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Author Notes:

Kristy B. Arbogast, PhD, Children’s Hospital of Philadelphia, 2716 South Street, Philadelphia, PA 19146, USA Email: arbogast@chop.edu

The authors thank members of the research team for their contributions to data collection: Ronni Kessler, Fairuz Mohammed, Shelly Sharma, Ari Fish, and Julia Vanni. In addition, the authors thank the students and parents from the Shipley School for their participation.

AOSSM checks author disclosures against the Open Payments Database (OPD). AOSSM has not conducted an independent investigation on the OPD and disclaims any liability or responsibility relating thereto.


Research Funding:

Research reported in this publication was supported by the Pennsylvania Department of Health and the National Institute of Neurologic Disorders and Stroke of the National Institutes of Health (RO1NS097549)


  • Science & Technology
  • Life Sciences & Biomedicine
  • Orthopedics
  • Sport Sciences
  • head injuries
  • concussion
  • pediatric sports medicine
  • injury prevention
  • football (soccer)
  • basketball
  • lacrosse

Sport- and Gender-Based Differences in Head Impact Exposure and Mechanism in High School Sports


Journal Title:



Volume 9, Number 3


, Pages 2325967120984423-2325967120984423

Type of Work:

Article | Final Publisher PDF


Background: Repeated head impacts sustained by athletes have been linked to short-term neurophysiologic deficits; thus, there is growing concern about the number of head impacts sustained in sports. Accurate head impact exposure data obtained via head impact sensors may help identify appropriate strategies across sports and between genders to mitigate repetitive head impacts. Purpose: To quantify sport- and gender-based differences in head impact rate and mechanism for adolescents. Study Design: Cohort study; Level of evidence, 2. Methods: High school female and male varsity soccer, basketball, lacrosse, and field hockey (female only) teams were instrumented with headband-mounted impact sensors during games over 2 seasons of soccer and 1 season of basketball, lacrosse, and field hockey. Video review was used to remove false-positive sensor-recorded events, and the head impact rate per athlete-exposure (AE) was calculated. Impact mechanism was categorized as equipment to head, fall, player to head, or head to ball (soccer only). Results: Male players had significantly higher head impact rates as compared with female players in soccer (3.08 vs 1.41 impacts/AE; rate ratio, 2.2 [95% CI, 1.8-2.6]), basketball (0.90 vs 0.25; 3.6 [2.6-4.6]), and lacrosse (0.83 vs 0.06; 12.9 [10.1-15.8]). Impact mechanism distributions were similar within sports between boys and girls. In soccer, head to ball represented 78% of impacts, whereas at least 88% in basketball were player-to-player contact. Conclusion: Across sports for boys and girls, soccer had the highest impact rate. Male high school soccer, basketball, and lacrosse teams had significantly higher head impact rates than did female teams of the same sport. For girls, basketball had a higher head impact rate than did lacrosse and field hockey, and for boys, basketball had a similar impact rate to lacrosse, a collision sport. Sport differences in the distribution of impact mechanisms create sport-specific targets for reducing head impact exposure.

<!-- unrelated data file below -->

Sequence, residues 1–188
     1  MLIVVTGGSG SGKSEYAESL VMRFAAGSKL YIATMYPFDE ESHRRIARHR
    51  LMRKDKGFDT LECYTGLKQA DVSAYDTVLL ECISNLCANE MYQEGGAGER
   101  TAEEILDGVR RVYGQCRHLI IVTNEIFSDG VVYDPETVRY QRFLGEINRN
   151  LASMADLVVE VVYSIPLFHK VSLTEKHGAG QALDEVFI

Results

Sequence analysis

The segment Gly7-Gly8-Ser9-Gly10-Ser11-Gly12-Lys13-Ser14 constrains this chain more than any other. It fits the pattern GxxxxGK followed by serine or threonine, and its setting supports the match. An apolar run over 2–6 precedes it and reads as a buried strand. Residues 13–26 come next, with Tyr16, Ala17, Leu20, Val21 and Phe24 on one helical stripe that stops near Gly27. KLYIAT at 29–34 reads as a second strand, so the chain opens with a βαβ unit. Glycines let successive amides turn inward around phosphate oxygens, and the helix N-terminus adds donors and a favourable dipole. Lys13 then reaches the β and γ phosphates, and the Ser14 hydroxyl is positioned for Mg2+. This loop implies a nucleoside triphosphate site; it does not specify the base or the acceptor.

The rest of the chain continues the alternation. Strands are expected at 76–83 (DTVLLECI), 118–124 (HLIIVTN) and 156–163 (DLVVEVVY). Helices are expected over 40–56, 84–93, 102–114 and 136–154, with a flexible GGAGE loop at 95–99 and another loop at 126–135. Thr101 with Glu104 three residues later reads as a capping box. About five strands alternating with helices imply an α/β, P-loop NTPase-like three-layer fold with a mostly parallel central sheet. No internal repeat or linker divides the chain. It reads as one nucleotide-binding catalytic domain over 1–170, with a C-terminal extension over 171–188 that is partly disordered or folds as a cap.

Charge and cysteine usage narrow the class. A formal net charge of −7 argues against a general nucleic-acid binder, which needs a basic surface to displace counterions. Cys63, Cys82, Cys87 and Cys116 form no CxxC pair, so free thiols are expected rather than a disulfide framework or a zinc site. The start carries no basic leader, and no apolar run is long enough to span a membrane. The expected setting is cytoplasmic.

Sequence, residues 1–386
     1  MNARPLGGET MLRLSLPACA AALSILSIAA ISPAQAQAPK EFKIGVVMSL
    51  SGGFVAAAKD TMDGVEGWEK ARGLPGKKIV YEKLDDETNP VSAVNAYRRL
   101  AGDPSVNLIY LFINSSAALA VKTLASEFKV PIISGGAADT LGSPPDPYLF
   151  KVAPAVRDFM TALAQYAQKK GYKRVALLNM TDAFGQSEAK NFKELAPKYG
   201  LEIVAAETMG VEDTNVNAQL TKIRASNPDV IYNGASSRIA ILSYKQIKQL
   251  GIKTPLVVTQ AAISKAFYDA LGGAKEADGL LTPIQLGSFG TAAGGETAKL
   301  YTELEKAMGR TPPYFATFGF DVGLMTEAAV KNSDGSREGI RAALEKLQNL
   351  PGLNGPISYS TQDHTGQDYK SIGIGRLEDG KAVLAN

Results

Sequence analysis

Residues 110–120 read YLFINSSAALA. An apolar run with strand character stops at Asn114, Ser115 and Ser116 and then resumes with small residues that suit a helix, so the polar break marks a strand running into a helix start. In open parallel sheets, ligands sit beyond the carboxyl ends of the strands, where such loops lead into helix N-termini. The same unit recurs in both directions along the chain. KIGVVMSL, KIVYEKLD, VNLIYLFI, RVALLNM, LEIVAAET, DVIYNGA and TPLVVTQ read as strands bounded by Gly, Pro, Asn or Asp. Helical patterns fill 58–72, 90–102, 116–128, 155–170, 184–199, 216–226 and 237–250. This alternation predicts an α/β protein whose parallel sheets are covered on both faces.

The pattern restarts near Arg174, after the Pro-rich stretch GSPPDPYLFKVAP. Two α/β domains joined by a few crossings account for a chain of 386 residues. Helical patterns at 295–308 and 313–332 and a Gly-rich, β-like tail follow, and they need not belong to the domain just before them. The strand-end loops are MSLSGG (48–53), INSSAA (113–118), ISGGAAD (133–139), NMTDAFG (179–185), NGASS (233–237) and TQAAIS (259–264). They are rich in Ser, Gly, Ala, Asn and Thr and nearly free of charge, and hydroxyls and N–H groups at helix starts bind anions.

Copyright information:

© The Author(s) 2021

This is an Open Access work distributed under the terms of the Creative Commons Attribution-NonCommercial-NoDerivatives 4.0 International License (https://creativecommons.org/licenses/by-nc-nd/4.0/rdf).
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